These dry cask storage facilities are to be constructed by 2006. They are licensed to store fuel for 40 years.
There are three dry cask storage facility designs in Germany:
WTI design: The walls and roof are constructed of 80 and 50 centimeters, respectively, of reinforced concrete.
STEAG design: The wails and roof are constructed of 1.2 and 1.3 meters, respectively, of reinforced concrete. This design is used at the Lingen Nuclear Power Plant dry storage facility visited by the committee (FIGURE C.2).
GNK design: This is a tunnel design and is under construction at the Neckarwestheim nuclear power plant.
The use of reinforced concrete in these facilities was originally intended for radiation protection and structural support, not for terrorist attacks.
In 1999, RSK issued guidelines for dry storage, which were released in 2001 (RSK, 2001). Licensing a dry storage facility in Germany requires several safety demonstrations and analyses. As part of the licensing procedures for a storage facility, the license applicant must do independent calculations that demonstrate how the building features meet the safety standards and the design basis threat. This threat includes an armed group of intruders and the impact of a Phantom 2 military jet. It also includes a shaped charge. The scenario of a deliberate crash of a large civilian airplane has been considered and analyzed as part of the recent licensing of onsite dry storage facilities but is not established as part of the design basis threat. There are public hearings during which the license applicant explains the safety features of the storage facility. The public is aware of the design basis threat, and it is provided with the results of the analysis but not with the details.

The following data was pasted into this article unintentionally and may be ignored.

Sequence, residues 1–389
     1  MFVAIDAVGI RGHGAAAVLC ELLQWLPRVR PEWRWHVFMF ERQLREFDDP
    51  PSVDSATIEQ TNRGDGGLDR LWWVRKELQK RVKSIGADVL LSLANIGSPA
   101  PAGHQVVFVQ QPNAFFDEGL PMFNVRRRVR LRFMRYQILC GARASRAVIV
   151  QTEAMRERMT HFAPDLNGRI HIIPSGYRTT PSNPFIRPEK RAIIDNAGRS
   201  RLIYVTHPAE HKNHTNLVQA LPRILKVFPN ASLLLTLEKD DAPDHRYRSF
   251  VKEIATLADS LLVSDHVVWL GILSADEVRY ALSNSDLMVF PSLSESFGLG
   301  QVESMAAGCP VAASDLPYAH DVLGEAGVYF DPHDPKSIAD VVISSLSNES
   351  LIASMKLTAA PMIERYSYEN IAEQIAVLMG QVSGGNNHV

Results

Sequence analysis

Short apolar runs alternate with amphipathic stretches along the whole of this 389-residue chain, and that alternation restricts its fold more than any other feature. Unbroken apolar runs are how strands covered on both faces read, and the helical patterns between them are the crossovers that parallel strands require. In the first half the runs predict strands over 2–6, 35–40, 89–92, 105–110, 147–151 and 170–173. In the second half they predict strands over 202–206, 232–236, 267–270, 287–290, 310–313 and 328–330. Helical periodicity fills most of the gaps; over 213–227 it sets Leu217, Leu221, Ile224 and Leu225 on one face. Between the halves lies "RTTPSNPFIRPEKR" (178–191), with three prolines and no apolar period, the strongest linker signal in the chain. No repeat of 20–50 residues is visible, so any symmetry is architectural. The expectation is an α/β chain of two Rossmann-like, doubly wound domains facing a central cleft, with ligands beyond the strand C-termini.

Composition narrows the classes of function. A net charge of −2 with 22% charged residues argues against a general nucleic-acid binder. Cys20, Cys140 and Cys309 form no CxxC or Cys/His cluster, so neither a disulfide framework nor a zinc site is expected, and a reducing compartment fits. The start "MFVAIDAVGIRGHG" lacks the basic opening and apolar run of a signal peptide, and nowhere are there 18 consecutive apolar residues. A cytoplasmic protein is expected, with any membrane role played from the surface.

There are six temporary (i.e., five- to seven-year) storage facilities in use at reactor sites until these dry cask storage facilities become available. The casks in these temporary storage facilities are stored horizontally and are protected by concrete “garages” designed to withstand the impact of a Phantom military jet.
Spent commercial fuel is stored in CASTOR® casks (FIGURE C.3) that were originally designed and developed by the German utility-owned company GNB.2 These casks can store either PWR or BWR spent fuel assemblies. The design consists of a ductile cast iron cylindrical cask body with integral circumferential fins machined into the outer surface to maximize heat transfer; inside, the spent fuel assemblies are inserted in a borated stainless steel basket. The cask has a double-lid system that is protected by a third steel plate. The cask complies with the international regulations of the International Atomic Energy Agency (IAEA) as a type B(U) package.
Spent fuel is typically cooled for five years in a pool before it is put in dry cask storage; some other custom-made cask designs can hold fuel that has been cooled for shorter (minimum two years) or longer times depending on the fuel characteristics and fuel burn-up. Current fuel burn-ups in Germany (52 to 55 gigawatt-days per metric ton) are similar to those in the United States.